The economy has already been hurt by people afraid of Y2K (although arguably it has created more jobs temporarily etc), so why must someone come and try to create damage after the fact? Has anyone actually found the patent online? It would make for very interesting reading. Perhaps we should start writing Congress about these patents, eh?

The issues of patents is a tough one, and hopefully we can work through (around) situations like this Amazon patent and somehow manage to let innovation flourish still. The idea of (software) patents is really against the entire concept backing Open Source. The real question is, what should be done about it?

-Kevin

How do you enforce this patent? (3)

Joe Rumsey (2194) | more than 14 years ago | (#1570705)

Setting aside the stupidity of granting this patent for a moment, it seems to me that this is a particularly hard patent to enforce. If I were a large corporation and McDonnel-Douglas came to me asking to see the code running my in house systems, wouldn't I just laugh at them? Can they somehow legally gain access to the code of every company that might have conveivably fixed a Y2K bug to see how it was done? Some programs are out in the world for anyone to examine, sure, but an awful lot of Y2K non-compliant code is tied up in ancient in-house systems. Does having any software patent at all entitle me to look at all the code in the world to make sure it isn't violating my patent? That seems far fetched, but only a bit more so than granting this patent in the first place.

oh my god. (1)

bendawg (72695) | more than 14 years ago | (#1570707)

This is one of the most retarded things I have ever heard. They're gonna sue companies for trying to fix a bug that some people think will alter civilization as we know it tremendously. I mean what kind of company wants a reputation for impeding process towards Y2K compliance?!? As if people aren't freaked out enough about the whole Y2K thing.
.Maybe this is a sign of the apocalypse...Stupid big businesses impedeing progress of the common good. Head for the hills everybody!
For once in my life, maybe I'll be glad I'm in a small town in Arkansas.

-- Only in America would the problem of dates not being represented in enough digits be abbreviated as "the Y2K bug"

If I recall correctly... (3)

Rayban (13436) | more than 14 years ago | (#1570709)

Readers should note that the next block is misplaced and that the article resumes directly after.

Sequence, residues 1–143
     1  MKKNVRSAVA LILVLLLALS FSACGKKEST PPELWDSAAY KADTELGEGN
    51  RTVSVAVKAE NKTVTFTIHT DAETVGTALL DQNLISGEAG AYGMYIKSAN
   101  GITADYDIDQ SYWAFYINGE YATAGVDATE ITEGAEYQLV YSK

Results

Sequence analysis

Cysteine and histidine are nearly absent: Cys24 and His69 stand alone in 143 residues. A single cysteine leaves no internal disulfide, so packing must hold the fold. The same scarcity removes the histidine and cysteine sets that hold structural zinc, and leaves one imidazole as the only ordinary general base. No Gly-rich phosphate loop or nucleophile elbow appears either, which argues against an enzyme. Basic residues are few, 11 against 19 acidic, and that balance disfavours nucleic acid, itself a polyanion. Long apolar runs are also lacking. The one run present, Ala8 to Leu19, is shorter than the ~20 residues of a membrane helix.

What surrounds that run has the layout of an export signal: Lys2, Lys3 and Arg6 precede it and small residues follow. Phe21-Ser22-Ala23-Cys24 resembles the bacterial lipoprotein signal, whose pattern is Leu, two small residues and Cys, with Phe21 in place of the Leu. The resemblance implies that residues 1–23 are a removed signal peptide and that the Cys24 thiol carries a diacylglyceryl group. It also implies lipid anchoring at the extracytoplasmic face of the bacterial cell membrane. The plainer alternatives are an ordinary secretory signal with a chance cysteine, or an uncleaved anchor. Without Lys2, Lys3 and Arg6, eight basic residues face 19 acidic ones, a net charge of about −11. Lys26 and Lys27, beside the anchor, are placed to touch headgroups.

This is actually called a "cusp date". I know for a fact that Excel uses it, and has used it since at least 1995 (I did some really trivial y2k remediation stuff). DOS has been using this for ages as well (enter 1-1-00 as the date, it comes out 2000, most DOS file interrupts handles this the same way as well). As much as I hate to point to an MS product as prior art, well, it's the most readily available one in my brain right now. :)

This patent will fall hard. Don't worry.

Gah. (1)

BJH (11355) | more than 14 years ago | (#1570711)

I saw this article this morning. These guys are nothing but a bunch of golddiggers. I'm surprised a company like McDonnel-Douglas would be associated with something like this - it's not exactly the best way to keep your popularity with your customers.

What really strikes me as bizarre is that they admit that other companies were using the fix before it was patented. I know that the USA uses the patent-by-invention system rather than the patent-by-application system (in other words, the guy who invents it first gets to claim the patent, even if someone else makes the application first), while virtually every other country in the world with a patent office does it the other way, but this is still ridiculous. If they're going to try and extort money from other comnpanies, they'd damn well better be ready to prove that they invented the technique (if you can call it that) before anyone else.

And as for that bit about license fees going up after Y2K - that's nothing but cheap blackmail. Can't a big corporation with pots of money (like IBM) stomp them flat on this one before it spreads?

What about other windowing mechanisms (1)

pmolinero (80351) | more than 14 years ago | (#1570713)

I was wondering if other windowing mechanisms are also covered in the patent like the sequence number in TCP or that piece of glass that goes up and down in my car ;-) Now seriously, if the windowing of the TCP sequence numbers is covered by this patent, then this will be even better than the patent of Amazon.com for 1-click credit-card shopping of. All e-commerce transactions would be using this invention!! However if the wrapping around of TCP sequence numbers was implemented before the patent was requested, then there is a good way of challenging the patent in court. After all a year in a computer is a number that increases monotonically pretty much like a sequence number. Pablo Molinero